MSI stands for magnetic source imaging. MEG provides detailed information about brain activity, but it provides no information about brain structure. To see exactly where activity takes place in an individual’s brain, we combine the MEG data with an MRI (or CT) of the person’s head. At the beginning of the MEG session, we create a digital 3-D representation of the shape of the patient’s head, co-register this with the patient’s MRI (or CT), and the activity is aligned to the appropriate places inside the head.
Although the presence of metal presents no danger during a MEG, it may create distortion that prevents the MEG from being able to detect brain activity. Metals containing iron (such as steel) are especially a problem, but many other metals can create distortion. It is best to avoid the presence of metal when possible.
Clinical Uses of MEG
MEG has been approved for the clinical mapping of brain activity in patients who are candidates for neurosurgery. This clinical use falls into one of two categories:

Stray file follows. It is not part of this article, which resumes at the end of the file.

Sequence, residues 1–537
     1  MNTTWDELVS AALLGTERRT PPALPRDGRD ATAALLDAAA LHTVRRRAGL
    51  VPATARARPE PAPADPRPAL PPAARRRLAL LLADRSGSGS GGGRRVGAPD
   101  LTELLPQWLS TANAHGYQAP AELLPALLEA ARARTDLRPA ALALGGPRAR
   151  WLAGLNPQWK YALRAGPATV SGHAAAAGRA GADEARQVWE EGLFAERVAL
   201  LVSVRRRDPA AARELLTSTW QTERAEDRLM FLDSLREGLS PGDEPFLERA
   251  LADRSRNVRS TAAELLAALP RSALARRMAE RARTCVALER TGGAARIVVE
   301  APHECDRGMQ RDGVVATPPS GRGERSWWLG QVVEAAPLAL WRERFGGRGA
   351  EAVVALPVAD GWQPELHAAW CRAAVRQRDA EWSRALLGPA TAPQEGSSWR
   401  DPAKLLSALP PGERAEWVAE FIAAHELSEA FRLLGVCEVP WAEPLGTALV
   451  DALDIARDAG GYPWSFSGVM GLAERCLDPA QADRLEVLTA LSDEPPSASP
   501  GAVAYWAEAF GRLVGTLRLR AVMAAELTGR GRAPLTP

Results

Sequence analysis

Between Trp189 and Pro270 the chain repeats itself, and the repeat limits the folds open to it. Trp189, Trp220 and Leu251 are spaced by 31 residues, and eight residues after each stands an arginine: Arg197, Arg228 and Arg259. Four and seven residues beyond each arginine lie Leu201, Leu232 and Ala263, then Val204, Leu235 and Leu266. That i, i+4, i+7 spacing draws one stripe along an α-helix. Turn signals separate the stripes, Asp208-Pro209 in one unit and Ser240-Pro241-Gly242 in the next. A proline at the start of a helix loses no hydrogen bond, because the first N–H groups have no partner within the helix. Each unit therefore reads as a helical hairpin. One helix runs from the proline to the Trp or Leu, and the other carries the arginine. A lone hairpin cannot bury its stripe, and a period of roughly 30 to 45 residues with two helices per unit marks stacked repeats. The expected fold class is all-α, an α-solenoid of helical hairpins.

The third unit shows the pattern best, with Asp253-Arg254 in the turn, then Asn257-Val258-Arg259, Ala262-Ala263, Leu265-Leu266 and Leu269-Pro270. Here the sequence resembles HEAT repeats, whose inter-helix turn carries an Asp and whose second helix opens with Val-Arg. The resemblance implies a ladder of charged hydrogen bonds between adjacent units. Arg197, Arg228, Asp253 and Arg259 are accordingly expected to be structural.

What happens after the MEG?
The MEG activity of interest is identified in the waveform data (i.e., a spike or ongoing activity in the averaged evoked response or epileptiform activity in unaveraged spontaneous activity).
The source of MEG activity that meets certain statistical and anatomical criteria is identified using a single equivalent current dipole model. The dipoles are then displayed on the patient’s MRI (or CT) to produce MSIs. These are typically shown in all three planes (sagittal, coronal, and axial). The technical details and clinical interpretation of the MEG/MSI are included in the report with the MSIs.